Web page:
The only way around that, and Ziggy says there’s only a .0001% chance of this happening, is for Quantum Leap to get the same treatment Star Trek: The Next Generation got and all source film would be scanned and the effects recreated in HD. I can’t even imagine a scenario in which that happens. But seeing this does make me appreciate the CBS team that recreated the NextGen effects all the more.
Mill Creek Entertainment has several Universal shows available as full series on Blu-ray. I have already purchased The Rockford Files (look for a review on those when I’m further into that set) and could see a Knight Rider purchase as a possibility someday. I have a mental wishlist of more shows I’d like to see them release, and topping that list is The A-Team.
Disappointments aside, I am super glad to have this set and heartily recommend any fan of this show purchase it.
As a bonus to this review, here are my top ten episodes of Quantum Leap:
10. Catch a Falling Star –Sam leaps into an understudy playing Don Quixote in Man of La Mancha where he runs into the lady who was his piano teacher when he was a kid. Quite smitten, he begins to go off the rails away from what he’s supposed to do. This episode has one of the best leaps as the musical build up to it is quite nice.
9. Killin’ Time – Sam leaps into a guy holding a family hostage. In the future, that guy breaks out of Project: Quantum Leap and Al has to track him down, otherwise Sam can’t leap. Season 5 winds up being a pretty gimmicky season, but I didn’t mind a lot of it even though some “purists” did.
8. Another Mother – Sam leaps into the 80s and is the mother of three children.
7. A Single Drop of Rain – Sam leaps into a traveling con artist who promises a small town he’ll make it rain. This is from the fourth season, a season I found fairly uneven, but it’s a highlight from the entire series.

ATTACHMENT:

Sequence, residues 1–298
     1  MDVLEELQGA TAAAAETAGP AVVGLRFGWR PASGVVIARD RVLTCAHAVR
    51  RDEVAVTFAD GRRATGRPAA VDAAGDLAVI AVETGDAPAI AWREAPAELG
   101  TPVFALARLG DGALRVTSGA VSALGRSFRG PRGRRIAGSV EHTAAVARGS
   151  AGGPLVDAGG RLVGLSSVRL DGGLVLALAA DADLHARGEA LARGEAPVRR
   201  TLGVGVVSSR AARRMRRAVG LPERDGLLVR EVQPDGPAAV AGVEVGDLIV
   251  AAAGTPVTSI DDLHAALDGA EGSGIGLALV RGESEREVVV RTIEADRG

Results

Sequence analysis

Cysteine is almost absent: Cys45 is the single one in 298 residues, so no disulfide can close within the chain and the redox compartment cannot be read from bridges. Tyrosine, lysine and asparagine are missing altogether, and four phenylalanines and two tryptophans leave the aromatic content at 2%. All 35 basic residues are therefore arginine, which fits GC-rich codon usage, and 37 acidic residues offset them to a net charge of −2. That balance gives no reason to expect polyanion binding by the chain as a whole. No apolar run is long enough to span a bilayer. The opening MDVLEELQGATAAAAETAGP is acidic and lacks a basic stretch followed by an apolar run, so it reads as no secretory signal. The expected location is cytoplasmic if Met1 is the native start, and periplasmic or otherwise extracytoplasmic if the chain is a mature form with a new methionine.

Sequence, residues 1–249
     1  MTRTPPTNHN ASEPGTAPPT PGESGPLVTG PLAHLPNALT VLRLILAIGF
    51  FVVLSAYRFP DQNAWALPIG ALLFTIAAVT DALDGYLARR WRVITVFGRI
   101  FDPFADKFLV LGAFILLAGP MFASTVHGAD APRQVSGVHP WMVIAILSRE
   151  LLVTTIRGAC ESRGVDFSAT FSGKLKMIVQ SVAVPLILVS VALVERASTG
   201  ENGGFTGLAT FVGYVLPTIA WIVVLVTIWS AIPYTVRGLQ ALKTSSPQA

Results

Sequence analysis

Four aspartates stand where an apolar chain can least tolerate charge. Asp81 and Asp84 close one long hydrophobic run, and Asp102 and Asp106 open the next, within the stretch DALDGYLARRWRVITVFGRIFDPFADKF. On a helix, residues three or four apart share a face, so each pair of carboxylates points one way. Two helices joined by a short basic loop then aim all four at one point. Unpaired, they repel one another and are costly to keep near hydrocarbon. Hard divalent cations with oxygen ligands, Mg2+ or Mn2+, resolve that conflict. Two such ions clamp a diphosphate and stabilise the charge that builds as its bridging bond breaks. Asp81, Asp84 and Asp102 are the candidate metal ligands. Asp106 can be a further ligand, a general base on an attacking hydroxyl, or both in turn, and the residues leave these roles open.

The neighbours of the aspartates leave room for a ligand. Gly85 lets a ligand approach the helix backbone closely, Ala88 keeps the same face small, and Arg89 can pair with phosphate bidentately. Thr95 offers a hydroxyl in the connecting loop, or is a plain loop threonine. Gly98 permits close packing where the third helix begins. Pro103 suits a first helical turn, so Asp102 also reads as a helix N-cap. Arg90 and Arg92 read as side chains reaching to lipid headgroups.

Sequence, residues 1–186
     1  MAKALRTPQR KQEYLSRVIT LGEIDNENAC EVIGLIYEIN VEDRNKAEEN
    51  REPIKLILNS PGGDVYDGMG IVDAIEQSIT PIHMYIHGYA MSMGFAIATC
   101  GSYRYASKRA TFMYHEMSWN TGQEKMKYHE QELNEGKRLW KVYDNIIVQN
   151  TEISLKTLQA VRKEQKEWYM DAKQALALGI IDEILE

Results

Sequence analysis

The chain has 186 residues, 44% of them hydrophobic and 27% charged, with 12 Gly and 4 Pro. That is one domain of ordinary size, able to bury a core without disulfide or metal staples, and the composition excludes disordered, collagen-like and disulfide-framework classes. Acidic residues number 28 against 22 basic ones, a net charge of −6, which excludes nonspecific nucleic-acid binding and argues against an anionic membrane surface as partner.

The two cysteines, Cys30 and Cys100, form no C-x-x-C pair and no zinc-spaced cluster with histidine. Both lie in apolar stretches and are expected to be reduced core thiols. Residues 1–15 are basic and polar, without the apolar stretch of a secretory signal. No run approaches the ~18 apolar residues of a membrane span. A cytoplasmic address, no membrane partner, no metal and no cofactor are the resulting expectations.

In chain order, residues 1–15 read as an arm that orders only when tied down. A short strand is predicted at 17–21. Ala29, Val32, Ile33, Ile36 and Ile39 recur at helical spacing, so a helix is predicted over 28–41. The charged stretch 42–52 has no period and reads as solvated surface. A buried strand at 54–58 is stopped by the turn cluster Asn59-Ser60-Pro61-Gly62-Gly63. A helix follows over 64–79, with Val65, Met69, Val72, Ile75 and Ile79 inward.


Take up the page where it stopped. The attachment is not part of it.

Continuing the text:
6. The Leap Back – Picking up on the cliffhanger of the third season, Sam and Al have switched places which means Sam has made it home. It’s not without it’s problems, but it is fun to see the switch and get a glimpse of the future.
5. Last Dance Before an Execution – Sam leaps into a guy on death row and he’s there to clear his name. Quite a different twist for the show as Sam is confined to prison for the entire episode and he has to get others, including Al, to do the legwork for him.
3/4. Leap Home, parts 1 & 2 – Two distinct episodes, but still linked. Sam leaps into himself in high school and tries to overextend his purpose there. That’s followed up by Sam leaping into a guy who’s in his brother’s Vietnam squad. These two are labeled parts 1 & 2, but are still quite linked to the episode that preceded it which is…
2. MIA – Sam leaps into a cop in California, but Al points Sam to help a woman who is currently grieving over her missing husband.
1. Shock Theater – This is the third season finale and is a great culmination of the previous three seasons. He leaps into a psych ward patient just as he receives electroshock therapy. This causes Sam to breakdown mentally and begin reliving the lives of those he’s leaped into. Hands down the best episode of the series.